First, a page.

So what you get is a conventional start-to-finish chronological story of how LA punk developed out of the glitter/glam mid-70s, exploded in Hollywood, branched out to Orange County and the Valley, got violent and faster, and then fizzled out. What bugs me is how much MacLeod relies on second-hand source material, like old Slash Magazines and the oral histories already written about this scene, and adds so little of his own recollections and stories to it. The interviews he quotes aren’t, by and large, interviews that he did, but rather interviews from Flipside, or Slash, or NoMag. I mean, that’s a book that you and I can write tomorrow, assuming a decent-sized heft to our personal 70s/80s fanzine collections.

I’ll admit, there was at least one new-to-me nugget in here that hadn’t popped up elsewhere. My pal Jerry from Orange County has told me some pretty hilarious stories of a goony early 80s punk rock gang from the small OC suburb of La Mirada called the “La Mirada Punks” – the “LMPs”. They made this book! Hooray LMPs! Chris D. and the Flesh Eaters, one of my all-time faves as well, also merit a couple of short paragraphs, which is a goddamn miracle considering how shut out they’ve been from previous texts. I truly wish there had been more insider dope and less haven’t-I-read-that-somewhere-before moments.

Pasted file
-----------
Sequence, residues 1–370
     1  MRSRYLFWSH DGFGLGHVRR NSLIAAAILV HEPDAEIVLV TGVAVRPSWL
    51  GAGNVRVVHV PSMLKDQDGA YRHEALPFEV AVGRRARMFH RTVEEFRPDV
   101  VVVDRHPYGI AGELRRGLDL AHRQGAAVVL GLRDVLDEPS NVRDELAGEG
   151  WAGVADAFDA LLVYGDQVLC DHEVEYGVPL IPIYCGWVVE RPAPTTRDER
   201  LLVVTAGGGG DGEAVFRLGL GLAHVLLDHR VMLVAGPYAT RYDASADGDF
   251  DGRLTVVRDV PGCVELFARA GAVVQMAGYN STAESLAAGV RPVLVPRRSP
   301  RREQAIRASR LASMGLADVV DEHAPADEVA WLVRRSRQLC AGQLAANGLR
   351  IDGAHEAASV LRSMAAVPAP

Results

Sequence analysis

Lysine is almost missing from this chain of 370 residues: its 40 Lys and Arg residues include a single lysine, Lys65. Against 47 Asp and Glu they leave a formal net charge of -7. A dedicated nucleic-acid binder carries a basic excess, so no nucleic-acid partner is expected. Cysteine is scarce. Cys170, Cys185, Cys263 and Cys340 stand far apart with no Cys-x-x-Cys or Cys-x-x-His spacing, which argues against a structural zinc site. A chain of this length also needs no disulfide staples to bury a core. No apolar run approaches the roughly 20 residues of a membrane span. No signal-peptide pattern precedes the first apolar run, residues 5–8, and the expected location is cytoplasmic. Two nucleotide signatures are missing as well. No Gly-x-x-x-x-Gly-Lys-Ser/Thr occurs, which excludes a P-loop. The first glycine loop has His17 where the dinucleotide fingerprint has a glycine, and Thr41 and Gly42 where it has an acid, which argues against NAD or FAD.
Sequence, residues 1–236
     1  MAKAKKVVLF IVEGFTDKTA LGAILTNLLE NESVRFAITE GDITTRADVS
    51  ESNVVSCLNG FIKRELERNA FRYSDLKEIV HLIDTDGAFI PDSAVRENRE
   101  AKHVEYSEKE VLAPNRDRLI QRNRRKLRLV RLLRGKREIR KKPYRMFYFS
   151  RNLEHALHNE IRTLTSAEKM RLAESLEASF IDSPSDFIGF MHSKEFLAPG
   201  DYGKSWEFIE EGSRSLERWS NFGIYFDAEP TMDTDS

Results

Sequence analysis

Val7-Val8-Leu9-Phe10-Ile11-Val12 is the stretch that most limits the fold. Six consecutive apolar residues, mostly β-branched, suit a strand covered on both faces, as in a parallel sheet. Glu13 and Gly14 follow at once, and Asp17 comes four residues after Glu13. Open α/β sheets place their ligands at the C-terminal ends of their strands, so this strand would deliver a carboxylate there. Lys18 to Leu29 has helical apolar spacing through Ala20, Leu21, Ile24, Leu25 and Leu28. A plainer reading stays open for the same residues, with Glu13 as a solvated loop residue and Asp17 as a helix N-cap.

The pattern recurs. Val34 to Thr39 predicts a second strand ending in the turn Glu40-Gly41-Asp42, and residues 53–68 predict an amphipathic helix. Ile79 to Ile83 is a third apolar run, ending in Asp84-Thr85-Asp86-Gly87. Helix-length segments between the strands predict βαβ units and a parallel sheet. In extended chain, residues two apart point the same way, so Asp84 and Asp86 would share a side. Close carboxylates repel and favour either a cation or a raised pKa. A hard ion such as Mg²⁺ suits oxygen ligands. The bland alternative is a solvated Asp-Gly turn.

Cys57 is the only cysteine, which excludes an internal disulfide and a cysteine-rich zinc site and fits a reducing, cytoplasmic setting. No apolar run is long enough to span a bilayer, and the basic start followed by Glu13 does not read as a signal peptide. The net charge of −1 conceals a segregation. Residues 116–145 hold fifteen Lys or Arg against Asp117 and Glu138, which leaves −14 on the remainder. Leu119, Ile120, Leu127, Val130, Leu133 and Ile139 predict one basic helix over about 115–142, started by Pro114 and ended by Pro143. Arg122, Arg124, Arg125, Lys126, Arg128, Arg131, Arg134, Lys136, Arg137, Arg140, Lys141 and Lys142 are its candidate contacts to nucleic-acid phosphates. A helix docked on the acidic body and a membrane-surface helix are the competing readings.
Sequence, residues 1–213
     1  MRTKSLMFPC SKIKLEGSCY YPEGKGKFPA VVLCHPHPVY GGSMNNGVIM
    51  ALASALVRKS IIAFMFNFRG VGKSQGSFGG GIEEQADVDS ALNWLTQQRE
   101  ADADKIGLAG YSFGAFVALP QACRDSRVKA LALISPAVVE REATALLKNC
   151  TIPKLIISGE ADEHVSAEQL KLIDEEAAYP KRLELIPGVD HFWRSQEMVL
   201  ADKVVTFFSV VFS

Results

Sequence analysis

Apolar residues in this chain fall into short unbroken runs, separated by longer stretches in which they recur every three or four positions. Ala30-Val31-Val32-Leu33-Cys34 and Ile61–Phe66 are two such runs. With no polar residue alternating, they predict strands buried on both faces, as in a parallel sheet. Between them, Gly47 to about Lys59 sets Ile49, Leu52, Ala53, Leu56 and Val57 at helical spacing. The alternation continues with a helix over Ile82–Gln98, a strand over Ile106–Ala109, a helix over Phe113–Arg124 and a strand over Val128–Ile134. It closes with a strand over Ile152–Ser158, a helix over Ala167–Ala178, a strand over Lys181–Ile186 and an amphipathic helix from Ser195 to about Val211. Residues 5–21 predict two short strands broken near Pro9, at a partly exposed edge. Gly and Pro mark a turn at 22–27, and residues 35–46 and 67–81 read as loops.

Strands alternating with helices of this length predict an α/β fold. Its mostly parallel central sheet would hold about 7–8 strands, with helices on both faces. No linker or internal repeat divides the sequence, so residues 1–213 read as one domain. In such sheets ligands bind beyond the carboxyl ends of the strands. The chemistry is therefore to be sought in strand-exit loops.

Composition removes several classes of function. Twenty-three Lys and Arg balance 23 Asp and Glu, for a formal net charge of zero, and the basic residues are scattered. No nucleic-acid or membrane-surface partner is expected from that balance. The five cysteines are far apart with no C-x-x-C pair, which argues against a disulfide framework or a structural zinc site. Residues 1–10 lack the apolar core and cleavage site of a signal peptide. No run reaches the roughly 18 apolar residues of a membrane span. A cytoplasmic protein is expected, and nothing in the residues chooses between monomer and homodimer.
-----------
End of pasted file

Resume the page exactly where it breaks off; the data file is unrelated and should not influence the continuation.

That’s not the worst of it, with all due respect to MacLeod. The book will start talking about hardcore punk pit fighting among bandana-wearing morons at TSOL and Adolescents shows, for instance, and then screech to a halt for an overview of gangs in America – “greasers” and Zoot Suit-wearers in the 50s and so on – to put it all in its sociological context. It’s boring, it’s unconvincing, and again, it reads like a college essay. Then the book gets back on track again with some cool Germs and Black Flag stories or discussions of the Great Punk Scare of 1981, before the cycle repeats itself. In no way would I recommend this book as your intro into LA punk history; for that, I’d follow a path through “Hardcore California”, “We Got The Neutron Bomb”, “Violence Girl” and the outstanding “Lexicon Devil – The Fast Times and Short Life of Darby Crash”. THEN, if you’re not satiated – I’m still not, by any means – then you should find a used copy of this one, and approach with caution.